There are at least three dimensions for the problem of the justice of God;

1) justice in the creation, such as the differences between humans,

2) justice in legislation, such as the difference between the male and the female’s share in inheritance, and

3) justice in punishment on the Day of Judgment, such as eternity in hell.

Suggested Answers

  • Man’s limited knowledge: God is All-wise, and behind every apparent evil there are goodly benefits, although man with his limited knowledge may not be able to discover them. Thus, he should accuse his knowledge not his Creator. “And of knowledge, you (mankind) have been given only a little.” [17:85] The best example of this limited knowledge is described in the story of Prophet Moses (P) and the learned man (Kedhr). [The Quran 18:65-82]
  • Difference, not discrimination: Among the creation of God there are differences but there is no discrimination. Discrimination is to differentiate between two people who are in the same situation and the same conditions. For instance, to give them the same job under the same condition, but with a different payment. What we have in the universe is difference, not discrimination. In fact, the world we live in is an amazing collection of different beings, species, talents and capabilities, all designed to fulfil different purposes. “We have created all things with measure.” [54:49], “Our Lord is He Who gave to each thing its form and nature, then guided it aright.”[20:50]
  • Self-Induced Problems: Many of the catastrophes that occur in the world are due to human negligence, greed or cruelty. We seem to blame God in order to exonerate ourselves.
  • Divine Punishment: Some of the catastrophes in our lives are, in fact, the effect of our own evil deeds. “And whatever of misfortune befalls you, it is because of what your hands have earned. And He pardons much.” [42:30] It is also narrated from Imam Sadiq (a.s): “Those who die because of their sins are more than those who die because their lives ended, and those who live because of their good deeds are more than those who live because of their natural lives.” [Behar 5:140]
  • Awakening Catastrophes: Some bitter experiences lead to an awakening within people, by subduing their pride and arrogance; which, if unchecked, lead them to commit great crimes.”And indeed We punished the people of Pharaoh with years of drought and shortness of fruits, that they might take heed.” [7:130]
  • Testing: Divine trials are one of the purposes of man’s creation. In the furnace of trials people demonstrate their potential and present their skills. It is only then that the patient from the impatient, and the sincere from the hypocrites, and the thankful from the thankless people will be distinguished. “If Allah had willed, He would have made you one nation, but that (He) may test you in what He has given you.” [5:48]
  • Acknowledging the Blessings: In general, man forgets the blessings of God when in a state of constant happiness. The blessing of health wouldn’t be so much appreciated if there were no sickness at all. The blessing of living in such a peaceful planet, despite its high speed of rotation, wouldn’t be acknowledged if there were no earth tremors at all.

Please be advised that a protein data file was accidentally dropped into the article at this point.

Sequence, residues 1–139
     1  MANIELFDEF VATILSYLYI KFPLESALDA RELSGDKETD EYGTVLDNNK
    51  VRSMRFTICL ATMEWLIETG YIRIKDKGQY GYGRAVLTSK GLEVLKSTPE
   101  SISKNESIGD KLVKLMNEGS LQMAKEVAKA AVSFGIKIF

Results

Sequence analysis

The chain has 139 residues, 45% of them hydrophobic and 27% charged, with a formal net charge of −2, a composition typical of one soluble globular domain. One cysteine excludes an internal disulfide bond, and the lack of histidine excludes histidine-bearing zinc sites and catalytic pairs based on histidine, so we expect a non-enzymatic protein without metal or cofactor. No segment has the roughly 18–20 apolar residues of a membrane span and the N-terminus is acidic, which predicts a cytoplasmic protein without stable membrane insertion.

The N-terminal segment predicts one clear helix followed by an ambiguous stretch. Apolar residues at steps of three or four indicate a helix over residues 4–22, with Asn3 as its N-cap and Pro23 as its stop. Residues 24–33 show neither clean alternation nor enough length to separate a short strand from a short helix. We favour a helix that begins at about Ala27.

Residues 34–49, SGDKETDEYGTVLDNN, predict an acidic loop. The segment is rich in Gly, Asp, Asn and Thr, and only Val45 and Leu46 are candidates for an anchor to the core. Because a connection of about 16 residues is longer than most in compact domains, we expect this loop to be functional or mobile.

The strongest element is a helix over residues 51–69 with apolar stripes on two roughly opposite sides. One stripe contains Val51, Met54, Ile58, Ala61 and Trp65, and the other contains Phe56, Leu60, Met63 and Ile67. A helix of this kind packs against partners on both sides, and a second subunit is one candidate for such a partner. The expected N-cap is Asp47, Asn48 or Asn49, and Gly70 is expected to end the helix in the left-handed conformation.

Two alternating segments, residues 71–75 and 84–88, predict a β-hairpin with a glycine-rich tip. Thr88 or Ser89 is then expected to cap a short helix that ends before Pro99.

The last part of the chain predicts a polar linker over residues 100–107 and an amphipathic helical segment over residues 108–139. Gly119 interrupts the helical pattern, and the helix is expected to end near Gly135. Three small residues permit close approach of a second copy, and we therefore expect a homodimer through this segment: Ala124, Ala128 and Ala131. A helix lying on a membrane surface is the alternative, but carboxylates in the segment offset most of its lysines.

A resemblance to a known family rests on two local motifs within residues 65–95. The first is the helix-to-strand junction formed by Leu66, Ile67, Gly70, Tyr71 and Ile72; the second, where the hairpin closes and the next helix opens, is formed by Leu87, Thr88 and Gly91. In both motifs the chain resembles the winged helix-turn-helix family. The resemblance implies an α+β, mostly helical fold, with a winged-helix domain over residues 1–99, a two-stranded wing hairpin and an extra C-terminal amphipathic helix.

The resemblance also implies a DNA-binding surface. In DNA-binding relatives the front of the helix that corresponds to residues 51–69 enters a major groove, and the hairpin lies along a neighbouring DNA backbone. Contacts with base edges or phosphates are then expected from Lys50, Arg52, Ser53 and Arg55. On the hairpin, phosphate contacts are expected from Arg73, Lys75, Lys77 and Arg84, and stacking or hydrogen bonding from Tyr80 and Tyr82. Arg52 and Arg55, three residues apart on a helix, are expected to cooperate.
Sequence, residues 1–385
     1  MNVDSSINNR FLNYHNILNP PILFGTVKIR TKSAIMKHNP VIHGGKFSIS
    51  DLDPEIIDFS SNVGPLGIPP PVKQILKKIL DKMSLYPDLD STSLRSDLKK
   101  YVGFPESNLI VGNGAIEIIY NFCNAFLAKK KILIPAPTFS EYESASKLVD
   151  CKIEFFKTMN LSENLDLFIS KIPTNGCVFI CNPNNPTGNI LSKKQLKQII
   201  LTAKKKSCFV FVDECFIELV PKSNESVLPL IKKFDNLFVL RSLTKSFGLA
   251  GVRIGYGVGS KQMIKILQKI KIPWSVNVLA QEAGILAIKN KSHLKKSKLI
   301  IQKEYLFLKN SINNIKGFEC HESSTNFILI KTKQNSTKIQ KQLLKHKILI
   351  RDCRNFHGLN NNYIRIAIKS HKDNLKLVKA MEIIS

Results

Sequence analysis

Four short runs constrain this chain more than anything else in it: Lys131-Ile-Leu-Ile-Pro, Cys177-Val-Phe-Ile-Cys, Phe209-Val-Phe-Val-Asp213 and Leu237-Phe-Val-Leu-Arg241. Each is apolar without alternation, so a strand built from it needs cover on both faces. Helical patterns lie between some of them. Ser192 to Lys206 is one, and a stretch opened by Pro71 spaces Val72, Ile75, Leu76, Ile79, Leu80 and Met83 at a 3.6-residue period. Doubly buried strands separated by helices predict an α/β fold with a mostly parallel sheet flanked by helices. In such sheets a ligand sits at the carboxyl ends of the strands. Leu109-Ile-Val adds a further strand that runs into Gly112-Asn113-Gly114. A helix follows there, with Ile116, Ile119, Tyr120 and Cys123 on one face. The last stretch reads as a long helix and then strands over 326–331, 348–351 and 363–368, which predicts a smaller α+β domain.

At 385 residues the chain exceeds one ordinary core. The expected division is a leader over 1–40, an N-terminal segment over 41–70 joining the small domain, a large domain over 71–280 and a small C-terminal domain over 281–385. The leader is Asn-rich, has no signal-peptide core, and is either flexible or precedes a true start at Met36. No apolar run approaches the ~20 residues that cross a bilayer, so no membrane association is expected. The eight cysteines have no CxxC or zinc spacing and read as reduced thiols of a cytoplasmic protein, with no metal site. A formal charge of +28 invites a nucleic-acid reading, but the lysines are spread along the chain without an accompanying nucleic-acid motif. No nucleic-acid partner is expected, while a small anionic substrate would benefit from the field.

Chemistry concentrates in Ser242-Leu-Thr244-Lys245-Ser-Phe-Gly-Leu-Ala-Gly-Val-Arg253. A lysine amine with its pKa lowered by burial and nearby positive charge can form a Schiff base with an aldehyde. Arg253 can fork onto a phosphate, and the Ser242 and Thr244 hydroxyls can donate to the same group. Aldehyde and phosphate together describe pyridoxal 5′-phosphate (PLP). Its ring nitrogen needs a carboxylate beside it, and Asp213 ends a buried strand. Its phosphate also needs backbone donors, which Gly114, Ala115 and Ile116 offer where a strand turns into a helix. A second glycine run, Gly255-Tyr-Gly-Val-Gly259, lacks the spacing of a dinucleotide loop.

• Purification of sins: Catastrophes of life are also the means of purification for the sinful believers. It is narrated from Imam Sadiq (a.s): “Sickness for a believer is a (means of) purification and mercy and punishment and cursing for a disbeliever. Surely, an illness stays with a believer until there is no more sin on him.” [Thawabul-A’mal, p.429]
  • God Compensates: Difficulties and catastrophes are part of the nature of this world. However, the Almighty God will surely compensate those who were patient and grateful with His abundant blessings in Paradise. Imam Sadiq (a.s), about those who were afflicted with calamities yet were thankful and patient said: “God will compensate them so much that if they were given the opportunity to come back to this world to experience those difficulties again they would prefer to return to gain more rewards.” [Behar 3:71]

     10.What is Good and what is Evil?

  •       Something may be good for one person, and evil for another. Something can be good for humans and evil for animals and so forth. The sting of insects and the venom of poisonous animals and plants are their defence mechanism and tools of catching food. Besides, many of their poisons also have some medical benefits for humans. At the same time, their poison may kill some other species. We need to remember that it is their world too. But their lives are disrupted, their space is invaded, their safety is threatened and their world is usurped by man and yet we consider them to be evil. Thus,        evils are relative, not real. Volcanoes, earthquakes, floods and such natural disasters are given the name ‘disasters’ whilst ignoring their beneficial aspects. From a geological point of view, all are beneficial and vital in providing life on the surface of  planet Earth. This means that without them occurring, no living creatures would be able to live on the surface of the Earth.
  • Moreover, these so-called natural disasters have yielded economic resources for humans too. Zinc, copper, lead and many other metals are found as a result of volcanic activity, to the extent that volcanic areas have nowadays become important sources of geothermal energy. Thus, we ought to look at the bigger picture.